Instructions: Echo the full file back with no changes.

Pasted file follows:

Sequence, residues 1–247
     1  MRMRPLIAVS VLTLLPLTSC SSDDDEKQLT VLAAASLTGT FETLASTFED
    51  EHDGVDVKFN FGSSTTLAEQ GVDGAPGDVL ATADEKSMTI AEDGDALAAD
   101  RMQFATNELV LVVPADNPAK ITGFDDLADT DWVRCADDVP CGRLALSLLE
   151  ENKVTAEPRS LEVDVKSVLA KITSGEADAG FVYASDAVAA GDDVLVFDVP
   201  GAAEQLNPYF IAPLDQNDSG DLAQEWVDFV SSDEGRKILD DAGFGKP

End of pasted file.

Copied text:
Sequence, residues 1–247
     1  MRMRPLIAVS VLTLLPLTSC SSDDDEKQLT VLAAASLTGT FETLASTFED
    51  EHDGVDVKFN FGSSTTLAEQ GVDGAPGDVL ATADEKSMTI AEDGDALAAD
   101  RMQFATNELV LVVPADNPAK ITGFDDLADT DWVRCADDVP CGRLALSLLE
   151  ENKVTAEPRS LEVDVKSVLA KITSGEADAG FVYASDAVAA GDDVLVFDVP
   201  GAAEQLNPYF IAPLDQNDSG DLAQEWVDFV SSDEGRKILD DAGFGKP